The triple-camera setup found on the back of Huawei’s Mate 20 Pro Android flagship isn’t clearly superior to the one used by the P20 Pro, an older phablet the Chinese firm launched some half a year earlier, according to an independent review conducted by imaging experts at DxOMark. The French company proclaimed the P20 Pro to be the best mobile photography tool ever created in early 2018, describing the first mainstream triple-lens system as a milestone in smartphone photography that Huawei’s rivals are now forced to catch up with.
However, while consumers and industry watchers expected the newer Mate 20 Pro to outperform its older sibling, even by a small margin like the members of its line usually do year after year, that didn’t come to pass. Instead, the Mate 20 Pro’s rear cameras have found to be nearly identical to those of the P-series device, whereas their overall video-taking capabilities have even been found as slightly inferior.
Is a step back even possible?
In terms of illustrative figures, DxOMark awarded the Mate 20 Pro a score of 114 and 97 for still photography and video, respectively. The former is also how the P20 Pro was rated, though the older device actually got a 98 in the filmmaking department. DxOMark’s ratings may stem from relatively consistent testing scenarios but they’re also outlined in the context of a non-finite scale and incremental differences between two scores should be indicative of cameras that are identical for all end-user intents and purposes.
That isn’t to say the Mate 20 Pro doesn’t offer any benefits as, despite the fact that it relies on an extremely similar three-lens system used by the 2018 addition to Huawei’s P family, it also benefits from some new processing algorithms that do a better job at making out details hidden in the shadows. The Chinese tech juggernaut did include a super-wide-angle lens into its newest Android phablet but such a feature isn’t accounted for by DxOMark’s scoring system.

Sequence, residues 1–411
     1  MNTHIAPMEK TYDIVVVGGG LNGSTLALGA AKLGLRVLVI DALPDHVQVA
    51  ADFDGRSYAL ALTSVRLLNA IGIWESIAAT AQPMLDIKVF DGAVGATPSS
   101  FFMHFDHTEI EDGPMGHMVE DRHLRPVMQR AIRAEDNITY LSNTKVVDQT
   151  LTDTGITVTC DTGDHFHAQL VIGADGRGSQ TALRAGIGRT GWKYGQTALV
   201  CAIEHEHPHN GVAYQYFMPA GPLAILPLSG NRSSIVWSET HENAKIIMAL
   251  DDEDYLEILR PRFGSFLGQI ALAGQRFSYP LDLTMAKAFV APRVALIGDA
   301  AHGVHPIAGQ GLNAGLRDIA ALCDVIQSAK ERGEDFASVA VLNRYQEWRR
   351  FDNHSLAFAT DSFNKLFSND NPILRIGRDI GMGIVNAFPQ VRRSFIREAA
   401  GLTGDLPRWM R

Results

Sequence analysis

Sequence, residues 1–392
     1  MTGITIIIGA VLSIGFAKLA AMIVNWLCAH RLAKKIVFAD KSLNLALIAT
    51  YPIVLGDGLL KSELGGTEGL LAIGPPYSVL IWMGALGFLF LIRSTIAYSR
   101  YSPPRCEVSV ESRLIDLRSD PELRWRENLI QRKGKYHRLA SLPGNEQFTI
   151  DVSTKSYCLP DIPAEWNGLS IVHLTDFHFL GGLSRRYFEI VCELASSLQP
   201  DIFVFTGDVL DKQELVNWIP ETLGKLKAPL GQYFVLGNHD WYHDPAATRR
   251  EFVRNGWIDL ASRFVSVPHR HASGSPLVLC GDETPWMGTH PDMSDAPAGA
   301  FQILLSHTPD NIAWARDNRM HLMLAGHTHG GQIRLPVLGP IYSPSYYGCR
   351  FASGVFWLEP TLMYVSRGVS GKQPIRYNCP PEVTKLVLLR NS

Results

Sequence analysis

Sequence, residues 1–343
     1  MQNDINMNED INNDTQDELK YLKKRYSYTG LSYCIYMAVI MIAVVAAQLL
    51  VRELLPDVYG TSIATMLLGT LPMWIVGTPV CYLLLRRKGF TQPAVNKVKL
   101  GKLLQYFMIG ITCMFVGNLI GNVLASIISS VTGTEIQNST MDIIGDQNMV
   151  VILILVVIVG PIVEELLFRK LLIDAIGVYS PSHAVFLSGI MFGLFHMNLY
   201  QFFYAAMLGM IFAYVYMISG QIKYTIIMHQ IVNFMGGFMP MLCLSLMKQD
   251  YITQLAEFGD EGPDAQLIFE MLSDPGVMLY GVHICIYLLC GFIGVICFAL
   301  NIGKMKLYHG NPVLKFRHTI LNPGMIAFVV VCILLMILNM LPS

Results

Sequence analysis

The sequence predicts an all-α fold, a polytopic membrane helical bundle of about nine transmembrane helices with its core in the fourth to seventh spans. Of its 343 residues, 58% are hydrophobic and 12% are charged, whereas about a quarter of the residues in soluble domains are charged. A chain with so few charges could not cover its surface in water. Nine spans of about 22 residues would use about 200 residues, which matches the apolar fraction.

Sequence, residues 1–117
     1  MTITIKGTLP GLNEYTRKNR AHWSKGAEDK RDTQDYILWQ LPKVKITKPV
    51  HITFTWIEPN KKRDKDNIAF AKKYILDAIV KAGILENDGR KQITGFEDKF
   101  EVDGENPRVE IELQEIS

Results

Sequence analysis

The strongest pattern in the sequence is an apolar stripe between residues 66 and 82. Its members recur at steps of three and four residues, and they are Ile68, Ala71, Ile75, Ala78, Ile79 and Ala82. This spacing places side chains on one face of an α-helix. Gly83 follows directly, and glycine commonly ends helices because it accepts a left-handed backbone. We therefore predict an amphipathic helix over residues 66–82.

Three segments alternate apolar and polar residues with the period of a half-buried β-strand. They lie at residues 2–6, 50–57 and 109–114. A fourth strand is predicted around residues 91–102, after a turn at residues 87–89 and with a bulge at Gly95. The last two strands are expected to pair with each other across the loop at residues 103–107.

In practice, the glass allows for some added versatility when it comes to shooting landscape and can also be used in other scenarios, depending on how unconventional of an image one is aiming for. However, a different field of view doesn’t affect picture quality in any significant way, assuming all other components are identical, which seems to be the case here.
Kind of but not really
Neither device is particularly amazing at handling image noise but the Mate 20 Pro appears to be worse at it, delivering textures of dubious quality in low-light conditions. The P20 Pro actually fared slightly better in what’s essentially the same test last year, though the differences appear to be so small that they could be attributed to human error. Surprisingly, the Mate 20 Pro was also found to have struggled more when required to stabilize video. As the newer phablet has improved internals, including a more powerful system-on-chip with a theoretically better image signal processor in tow, the unexpected results may come down to software issues, meaning Huawei could still be able to address them in the future. Ultimately, both Android flagships still offer the best mobile photography experience in overall, DxOMark’s experts and many other tech critics believe.